|Publication number||US4277949 A|
|Application number||US 06/051,462|
|Publication date||Jul 14, 1981|
|Filing date||Jun 22, 1979|
|Priority date||Jun 22, 1979|
|Also published as||CA1118680A, CA1118680A1, DE3072010D1, EP0021802A2, EP0021802A3, EP0021802B1, EP0120131A1, EP0131652A2, EP0131652A3, EP0131652B1|
|Publication number||051462, 06051462, US 4277949 A, US 4277949A, US-A-4277949, US4277949 A, US4277949A|
|Inventors||Ralph C. Longsworth|
|Original Assignee||Air Products And Chemicals, Inc.|
|Export Citation||BiBTeX, EndNote, RefMan|
|Patent Citations (10), Referenced by (55), Classifications (33), Legal Events (1)|
|External Links: USPTO, USPTO Assignment, Espacenet|
1. Field of the Invention
This invention relates to cryostats utilized to produce and maintain an inventory of a liquified cryogen such as helium. The inventory of liquified cryogen can be used as a low temperature environment for such things as infra-red detectors and super-conducting devices. Such devices require extremely low temperature environments for efficient operation. Temperatures on the order of 4.2 degrees Kelvin (K.) (-268.9 degrees C.) are necessary to maintain helium in the liquified state. Without supplementary refrigeration a bath of liquid helium would, due to heat infiltration even in the best insulated Dewar, boil off and be lost. Attempts have been made to combine a refrigerator with a reservoir or Dewar to prevent excessive loss of liquid helium and thus maintain the overall level of inventoried helium.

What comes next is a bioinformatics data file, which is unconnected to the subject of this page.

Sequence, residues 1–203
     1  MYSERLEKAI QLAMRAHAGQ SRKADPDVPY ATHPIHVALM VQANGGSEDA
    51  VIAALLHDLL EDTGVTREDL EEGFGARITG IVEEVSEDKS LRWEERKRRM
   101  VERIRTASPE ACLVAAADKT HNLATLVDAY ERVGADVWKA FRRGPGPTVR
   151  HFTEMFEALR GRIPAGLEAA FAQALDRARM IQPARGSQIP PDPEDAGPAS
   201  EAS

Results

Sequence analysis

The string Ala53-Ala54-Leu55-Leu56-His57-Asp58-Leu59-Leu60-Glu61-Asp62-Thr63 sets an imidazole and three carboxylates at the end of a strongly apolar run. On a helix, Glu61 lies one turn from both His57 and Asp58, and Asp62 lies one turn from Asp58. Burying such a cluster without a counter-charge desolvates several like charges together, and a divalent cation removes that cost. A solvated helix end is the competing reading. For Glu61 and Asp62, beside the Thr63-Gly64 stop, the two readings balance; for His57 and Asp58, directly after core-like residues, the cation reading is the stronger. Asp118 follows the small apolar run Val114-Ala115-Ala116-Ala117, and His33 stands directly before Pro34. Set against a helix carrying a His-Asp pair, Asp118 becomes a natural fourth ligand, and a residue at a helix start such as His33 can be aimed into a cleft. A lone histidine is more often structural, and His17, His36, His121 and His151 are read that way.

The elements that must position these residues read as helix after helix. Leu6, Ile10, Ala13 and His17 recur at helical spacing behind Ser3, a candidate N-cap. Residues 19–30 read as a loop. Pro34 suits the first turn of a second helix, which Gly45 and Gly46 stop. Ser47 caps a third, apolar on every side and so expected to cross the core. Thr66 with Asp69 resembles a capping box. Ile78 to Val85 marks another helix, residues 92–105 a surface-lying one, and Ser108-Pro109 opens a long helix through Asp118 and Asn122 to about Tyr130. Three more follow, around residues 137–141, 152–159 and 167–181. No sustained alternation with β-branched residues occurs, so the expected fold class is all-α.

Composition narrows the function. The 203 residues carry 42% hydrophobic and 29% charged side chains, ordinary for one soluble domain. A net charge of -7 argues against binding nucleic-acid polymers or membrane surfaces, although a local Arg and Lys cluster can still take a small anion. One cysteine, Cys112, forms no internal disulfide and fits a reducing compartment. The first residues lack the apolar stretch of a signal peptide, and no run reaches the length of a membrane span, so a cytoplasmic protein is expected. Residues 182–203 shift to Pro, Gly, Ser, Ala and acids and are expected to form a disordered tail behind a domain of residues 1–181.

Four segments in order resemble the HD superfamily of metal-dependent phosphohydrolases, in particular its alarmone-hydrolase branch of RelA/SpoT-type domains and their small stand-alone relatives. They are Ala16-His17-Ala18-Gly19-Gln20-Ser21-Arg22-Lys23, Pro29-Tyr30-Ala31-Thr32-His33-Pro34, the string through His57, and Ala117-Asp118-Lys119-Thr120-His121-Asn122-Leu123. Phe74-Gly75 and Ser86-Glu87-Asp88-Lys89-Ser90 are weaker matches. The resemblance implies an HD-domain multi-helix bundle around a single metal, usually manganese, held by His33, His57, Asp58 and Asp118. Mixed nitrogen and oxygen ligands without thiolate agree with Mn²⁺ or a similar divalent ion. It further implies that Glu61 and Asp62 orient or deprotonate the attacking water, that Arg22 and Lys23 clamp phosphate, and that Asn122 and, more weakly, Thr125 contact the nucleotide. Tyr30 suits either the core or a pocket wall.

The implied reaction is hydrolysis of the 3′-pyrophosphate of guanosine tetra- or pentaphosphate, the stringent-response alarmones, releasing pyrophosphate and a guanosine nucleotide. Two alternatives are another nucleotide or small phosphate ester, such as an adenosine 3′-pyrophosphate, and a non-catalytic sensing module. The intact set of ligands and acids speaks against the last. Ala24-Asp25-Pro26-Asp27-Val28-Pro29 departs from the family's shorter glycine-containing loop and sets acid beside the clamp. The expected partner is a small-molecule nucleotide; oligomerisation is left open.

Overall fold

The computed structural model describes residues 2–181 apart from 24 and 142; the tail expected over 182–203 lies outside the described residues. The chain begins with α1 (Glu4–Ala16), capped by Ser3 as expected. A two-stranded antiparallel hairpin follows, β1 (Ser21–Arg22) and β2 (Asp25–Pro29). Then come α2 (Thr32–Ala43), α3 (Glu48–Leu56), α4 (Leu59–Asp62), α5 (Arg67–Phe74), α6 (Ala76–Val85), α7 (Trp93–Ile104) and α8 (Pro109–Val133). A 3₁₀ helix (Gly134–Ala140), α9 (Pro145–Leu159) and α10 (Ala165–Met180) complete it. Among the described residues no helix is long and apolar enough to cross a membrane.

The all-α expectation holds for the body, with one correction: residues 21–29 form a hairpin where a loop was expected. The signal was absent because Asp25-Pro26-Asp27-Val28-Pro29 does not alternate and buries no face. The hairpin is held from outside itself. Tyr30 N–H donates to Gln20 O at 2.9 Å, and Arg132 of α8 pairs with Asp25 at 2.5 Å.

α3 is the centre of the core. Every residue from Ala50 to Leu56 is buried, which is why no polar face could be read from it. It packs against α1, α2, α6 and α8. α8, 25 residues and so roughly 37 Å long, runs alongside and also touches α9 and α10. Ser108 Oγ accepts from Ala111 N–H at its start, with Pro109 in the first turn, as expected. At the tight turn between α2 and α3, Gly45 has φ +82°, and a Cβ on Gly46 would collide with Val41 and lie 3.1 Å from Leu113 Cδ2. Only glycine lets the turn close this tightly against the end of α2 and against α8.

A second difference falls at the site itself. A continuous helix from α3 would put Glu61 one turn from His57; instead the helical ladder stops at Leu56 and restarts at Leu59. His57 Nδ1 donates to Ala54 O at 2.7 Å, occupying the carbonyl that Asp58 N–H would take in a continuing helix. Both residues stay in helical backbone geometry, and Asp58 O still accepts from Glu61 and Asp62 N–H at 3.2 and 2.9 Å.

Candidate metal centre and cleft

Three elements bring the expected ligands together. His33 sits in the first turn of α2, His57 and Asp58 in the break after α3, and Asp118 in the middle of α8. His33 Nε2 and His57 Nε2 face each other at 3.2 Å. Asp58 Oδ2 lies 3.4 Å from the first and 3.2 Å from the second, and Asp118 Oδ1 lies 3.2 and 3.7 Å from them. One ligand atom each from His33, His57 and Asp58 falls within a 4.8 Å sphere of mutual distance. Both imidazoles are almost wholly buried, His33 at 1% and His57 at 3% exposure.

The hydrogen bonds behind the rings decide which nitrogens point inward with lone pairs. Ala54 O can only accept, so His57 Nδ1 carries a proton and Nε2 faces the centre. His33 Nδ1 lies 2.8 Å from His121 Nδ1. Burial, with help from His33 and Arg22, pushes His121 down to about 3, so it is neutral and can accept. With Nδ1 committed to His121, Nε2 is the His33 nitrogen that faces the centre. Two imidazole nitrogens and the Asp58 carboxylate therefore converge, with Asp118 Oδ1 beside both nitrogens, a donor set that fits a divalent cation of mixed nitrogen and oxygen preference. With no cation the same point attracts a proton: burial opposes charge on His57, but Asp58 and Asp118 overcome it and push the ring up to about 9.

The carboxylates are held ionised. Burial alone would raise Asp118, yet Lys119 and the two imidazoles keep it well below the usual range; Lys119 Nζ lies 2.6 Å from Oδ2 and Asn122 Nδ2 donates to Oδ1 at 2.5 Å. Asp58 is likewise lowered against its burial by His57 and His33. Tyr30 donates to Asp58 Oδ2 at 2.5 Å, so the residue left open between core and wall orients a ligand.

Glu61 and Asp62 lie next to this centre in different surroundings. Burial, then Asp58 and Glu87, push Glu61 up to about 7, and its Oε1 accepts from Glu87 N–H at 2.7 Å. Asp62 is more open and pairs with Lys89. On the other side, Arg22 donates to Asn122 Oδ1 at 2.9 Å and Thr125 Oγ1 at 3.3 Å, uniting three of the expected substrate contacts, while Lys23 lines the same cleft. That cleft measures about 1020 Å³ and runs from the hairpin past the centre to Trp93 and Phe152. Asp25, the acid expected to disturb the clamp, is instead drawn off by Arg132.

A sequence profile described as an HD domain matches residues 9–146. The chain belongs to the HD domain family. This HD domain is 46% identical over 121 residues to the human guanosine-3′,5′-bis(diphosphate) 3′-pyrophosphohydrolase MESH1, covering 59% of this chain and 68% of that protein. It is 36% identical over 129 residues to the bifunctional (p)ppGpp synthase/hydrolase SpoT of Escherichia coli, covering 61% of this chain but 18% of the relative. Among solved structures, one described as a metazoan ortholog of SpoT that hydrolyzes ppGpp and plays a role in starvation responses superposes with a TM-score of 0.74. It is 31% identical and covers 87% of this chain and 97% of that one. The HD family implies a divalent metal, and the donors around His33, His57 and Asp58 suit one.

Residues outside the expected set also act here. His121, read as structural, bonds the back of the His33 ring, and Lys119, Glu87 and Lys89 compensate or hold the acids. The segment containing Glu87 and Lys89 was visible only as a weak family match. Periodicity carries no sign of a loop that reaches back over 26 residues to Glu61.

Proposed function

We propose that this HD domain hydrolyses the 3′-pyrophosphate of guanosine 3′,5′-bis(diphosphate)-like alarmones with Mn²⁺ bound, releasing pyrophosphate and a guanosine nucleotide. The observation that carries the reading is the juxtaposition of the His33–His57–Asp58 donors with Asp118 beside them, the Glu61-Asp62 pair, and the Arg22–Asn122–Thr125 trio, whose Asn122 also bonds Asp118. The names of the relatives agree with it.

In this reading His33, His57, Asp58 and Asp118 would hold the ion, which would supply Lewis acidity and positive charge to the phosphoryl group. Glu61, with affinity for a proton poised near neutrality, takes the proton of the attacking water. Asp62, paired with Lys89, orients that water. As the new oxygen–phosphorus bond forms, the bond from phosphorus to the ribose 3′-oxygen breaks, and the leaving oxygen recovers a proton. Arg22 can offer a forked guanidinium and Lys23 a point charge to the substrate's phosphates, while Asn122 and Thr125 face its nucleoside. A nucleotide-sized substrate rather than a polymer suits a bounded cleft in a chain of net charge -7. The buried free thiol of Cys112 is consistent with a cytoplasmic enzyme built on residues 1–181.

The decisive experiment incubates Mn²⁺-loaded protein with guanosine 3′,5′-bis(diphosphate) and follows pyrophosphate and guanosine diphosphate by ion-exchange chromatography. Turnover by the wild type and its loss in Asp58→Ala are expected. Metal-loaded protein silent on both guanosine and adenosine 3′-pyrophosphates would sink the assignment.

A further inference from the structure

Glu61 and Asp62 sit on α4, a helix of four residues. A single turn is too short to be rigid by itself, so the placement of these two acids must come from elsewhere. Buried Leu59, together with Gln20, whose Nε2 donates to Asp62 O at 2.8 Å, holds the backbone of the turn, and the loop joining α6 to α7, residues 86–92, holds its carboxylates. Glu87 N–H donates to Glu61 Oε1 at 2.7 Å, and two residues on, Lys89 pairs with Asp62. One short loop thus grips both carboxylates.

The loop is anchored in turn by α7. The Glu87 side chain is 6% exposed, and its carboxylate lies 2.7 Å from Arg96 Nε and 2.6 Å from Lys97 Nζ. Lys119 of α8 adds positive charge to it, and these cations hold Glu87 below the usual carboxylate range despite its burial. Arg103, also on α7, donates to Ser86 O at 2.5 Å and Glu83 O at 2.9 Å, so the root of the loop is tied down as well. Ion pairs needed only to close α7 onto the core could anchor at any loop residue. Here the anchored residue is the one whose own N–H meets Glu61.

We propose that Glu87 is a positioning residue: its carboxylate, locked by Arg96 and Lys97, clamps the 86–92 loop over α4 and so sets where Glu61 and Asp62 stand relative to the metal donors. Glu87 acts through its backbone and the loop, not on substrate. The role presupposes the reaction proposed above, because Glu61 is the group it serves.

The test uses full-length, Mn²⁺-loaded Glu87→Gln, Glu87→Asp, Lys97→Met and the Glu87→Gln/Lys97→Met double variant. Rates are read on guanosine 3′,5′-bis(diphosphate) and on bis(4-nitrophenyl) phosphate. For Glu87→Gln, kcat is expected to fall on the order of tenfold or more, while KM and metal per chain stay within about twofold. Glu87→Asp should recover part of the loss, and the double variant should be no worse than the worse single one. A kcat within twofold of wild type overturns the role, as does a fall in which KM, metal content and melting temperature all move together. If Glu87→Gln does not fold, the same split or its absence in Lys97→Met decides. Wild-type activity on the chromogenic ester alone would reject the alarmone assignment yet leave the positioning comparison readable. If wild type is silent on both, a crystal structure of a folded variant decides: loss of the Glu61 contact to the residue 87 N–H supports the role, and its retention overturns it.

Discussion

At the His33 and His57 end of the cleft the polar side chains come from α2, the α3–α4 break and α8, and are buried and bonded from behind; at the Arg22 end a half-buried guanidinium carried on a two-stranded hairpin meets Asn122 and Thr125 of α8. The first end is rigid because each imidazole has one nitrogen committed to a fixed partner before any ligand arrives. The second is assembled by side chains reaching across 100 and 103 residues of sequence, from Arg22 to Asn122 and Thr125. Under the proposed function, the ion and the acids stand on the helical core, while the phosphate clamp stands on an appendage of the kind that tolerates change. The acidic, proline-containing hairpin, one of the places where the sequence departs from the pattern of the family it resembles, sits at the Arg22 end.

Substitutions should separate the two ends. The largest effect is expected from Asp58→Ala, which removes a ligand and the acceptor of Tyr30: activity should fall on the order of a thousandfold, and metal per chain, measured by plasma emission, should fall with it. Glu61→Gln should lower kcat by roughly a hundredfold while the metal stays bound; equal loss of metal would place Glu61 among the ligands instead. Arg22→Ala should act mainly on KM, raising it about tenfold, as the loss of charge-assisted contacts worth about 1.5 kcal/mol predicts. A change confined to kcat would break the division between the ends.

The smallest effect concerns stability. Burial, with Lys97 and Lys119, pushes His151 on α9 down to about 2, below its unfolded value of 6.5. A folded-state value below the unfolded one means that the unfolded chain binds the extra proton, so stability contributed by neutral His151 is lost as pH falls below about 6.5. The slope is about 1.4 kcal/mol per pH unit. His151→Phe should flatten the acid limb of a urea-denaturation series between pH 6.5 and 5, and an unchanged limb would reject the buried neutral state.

2. The Prior Art
Cryostats for producing and maintaining an inventory of a liquified cryogen such as helium range from miniature systems such as disclosed in U.S. Pat. No. 3,728,868 to large systems such as shown in U.S. Pat. Nos. 2,458,894 and 3,360,955.